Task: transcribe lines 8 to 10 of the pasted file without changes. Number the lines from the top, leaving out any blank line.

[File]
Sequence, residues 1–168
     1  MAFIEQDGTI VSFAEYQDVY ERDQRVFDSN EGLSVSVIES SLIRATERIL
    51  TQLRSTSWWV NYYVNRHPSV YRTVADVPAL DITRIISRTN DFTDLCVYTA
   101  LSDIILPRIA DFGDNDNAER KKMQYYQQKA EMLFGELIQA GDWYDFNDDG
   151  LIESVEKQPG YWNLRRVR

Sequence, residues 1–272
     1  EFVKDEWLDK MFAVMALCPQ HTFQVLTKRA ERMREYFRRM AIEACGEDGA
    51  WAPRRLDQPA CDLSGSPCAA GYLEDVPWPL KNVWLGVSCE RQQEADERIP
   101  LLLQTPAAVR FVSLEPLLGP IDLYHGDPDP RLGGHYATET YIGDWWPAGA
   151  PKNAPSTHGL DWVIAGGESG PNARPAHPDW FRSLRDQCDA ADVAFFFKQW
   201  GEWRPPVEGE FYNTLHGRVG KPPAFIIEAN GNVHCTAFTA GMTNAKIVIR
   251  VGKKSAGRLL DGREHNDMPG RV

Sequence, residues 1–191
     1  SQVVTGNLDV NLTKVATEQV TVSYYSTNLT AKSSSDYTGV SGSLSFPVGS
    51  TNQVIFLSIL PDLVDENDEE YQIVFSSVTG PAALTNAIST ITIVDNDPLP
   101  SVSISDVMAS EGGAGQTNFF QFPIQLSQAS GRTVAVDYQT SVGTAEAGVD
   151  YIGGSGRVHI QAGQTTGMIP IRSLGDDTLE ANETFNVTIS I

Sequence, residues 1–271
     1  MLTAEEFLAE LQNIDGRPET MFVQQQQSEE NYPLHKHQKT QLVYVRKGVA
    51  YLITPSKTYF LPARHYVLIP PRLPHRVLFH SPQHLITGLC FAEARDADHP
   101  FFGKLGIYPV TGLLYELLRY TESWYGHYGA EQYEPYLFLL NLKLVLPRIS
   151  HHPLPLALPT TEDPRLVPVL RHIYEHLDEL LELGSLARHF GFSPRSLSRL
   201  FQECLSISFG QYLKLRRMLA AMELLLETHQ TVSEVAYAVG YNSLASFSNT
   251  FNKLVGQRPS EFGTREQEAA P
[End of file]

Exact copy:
    51  WAPRRLDQPA CDLSGSPCAA GYLEDVPWPL KNVWLGVSCE RQQEADERIP
   101  LLLQTPAAVR FVSLEPLLGP IDLYHGDPDP RLGGHYATET YIGDWWPAGA
   151  PKNAPSTHGL DWVIAGGESG PNARPAHPDW FRSLRDQCDA ADVAFFFKQW